“This little moment is ours and it’s positive and results will come from this,” said Ed Natyshak Thursday with dozens of people surrounding him at the community complex.
It was a spectacle to watch the Rick Hansen Many in Motion tour make its way through Nelson Thursday. Once on Baker Street, the brightly dressed medal bearers were accompanied with an entourage of children, tour participants and even a band, which made the arrival of the relay aware to any bystanders on the street and nearby shops.
Beginning at the north end of the orange bridge, the medal bearers carried the silver medal, which began the relay in St. Johns Newfoundland, for 250 meters before passing it on to the next bearer on the route through Nelson. Each handoff commenced with a special dance by the medal bearers whose excitement was evident from the wide smiles on their faces.
Upon arriving at the NDCC, a crowd that had gathered with honourable medal bearer Ed Natyshak erupted into cheer. He pushed his way up to the stage with the entire crowd behind him vocalizing their support and excitement.
“I just want to give back,” said Natyshak once he reached the stage.
“This support feels fantastic, it feels good to give back to you guys and to be able to say thank you,” said the Nelson local, who saw the community reach out to help him through his recovery when he suffered spinal injury mountain biking at Mountain Station.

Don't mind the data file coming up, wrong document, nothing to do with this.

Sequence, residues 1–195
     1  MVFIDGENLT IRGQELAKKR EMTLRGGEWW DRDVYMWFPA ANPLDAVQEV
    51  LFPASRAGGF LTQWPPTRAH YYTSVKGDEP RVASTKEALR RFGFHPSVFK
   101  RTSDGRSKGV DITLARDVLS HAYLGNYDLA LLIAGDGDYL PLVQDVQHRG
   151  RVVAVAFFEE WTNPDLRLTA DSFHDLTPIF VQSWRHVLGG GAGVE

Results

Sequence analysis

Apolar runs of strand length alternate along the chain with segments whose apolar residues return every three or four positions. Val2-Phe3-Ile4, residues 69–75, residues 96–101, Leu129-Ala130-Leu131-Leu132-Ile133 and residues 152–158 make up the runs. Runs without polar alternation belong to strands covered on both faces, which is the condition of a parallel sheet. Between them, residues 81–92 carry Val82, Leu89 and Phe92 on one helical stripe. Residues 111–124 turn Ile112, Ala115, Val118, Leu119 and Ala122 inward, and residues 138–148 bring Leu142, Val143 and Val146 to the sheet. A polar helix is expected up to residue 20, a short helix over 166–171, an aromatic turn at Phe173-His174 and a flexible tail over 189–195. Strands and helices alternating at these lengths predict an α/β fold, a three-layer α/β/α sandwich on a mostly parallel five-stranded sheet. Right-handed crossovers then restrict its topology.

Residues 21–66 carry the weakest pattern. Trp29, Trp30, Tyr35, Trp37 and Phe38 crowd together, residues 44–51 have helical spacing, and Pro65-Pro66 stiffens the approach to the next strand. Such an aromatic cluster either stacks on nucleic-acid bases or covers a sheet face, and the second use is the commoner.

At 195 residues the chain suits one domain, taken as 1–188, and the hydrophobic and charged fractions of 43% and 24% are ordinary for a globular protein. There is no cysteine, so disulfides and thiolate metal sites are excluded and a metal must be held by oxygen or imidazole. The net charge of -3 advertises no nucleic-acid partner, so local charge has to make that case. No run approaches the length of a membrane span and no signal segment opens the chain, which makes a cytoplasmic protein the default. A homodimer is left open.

“Spinal cord injury is a new world,” he continued. “It’s something that you could never prepare yourself for.”
“One of the things you do find out right away is that you’re going to need help, you’re going to need people together doing what it takes to get your life back on track.”
“I think that’s something that Rick Hansen personifies, that it’s not about one person, it’s about all of us doing it and making it happen. It’s something that feels as impossible to deal with as a spinal cord injury, but a guy like that shows you that anything is possible.”
During his presentation to the audience Natyshak recalled when Hansen visited him in the hospital at G.F. Strong after his injury.
“The first thing I though was ‘how am I going to be as cool as that guy,’ I only saw him for five minutes but he set the wheels in motion for me so that I knew I was going to overcome boundaries, I was going to jump over barriers, I wasn’t going to stop. He set the bar high,” said Natyshak, who had the audience gripped by his speech.
“It doesn’t take miracles, it doesn’t take heroes and it doesn’t take hope. What it takes is hard work. When we get together as a society, as a community, as a country, as free people who understand that together we can do just about anything, when we take on things that are impossible and we make them possible, that affects the whole world. And it always will.”
The tour continues to Castlegar from the NDCC on Sunday morning.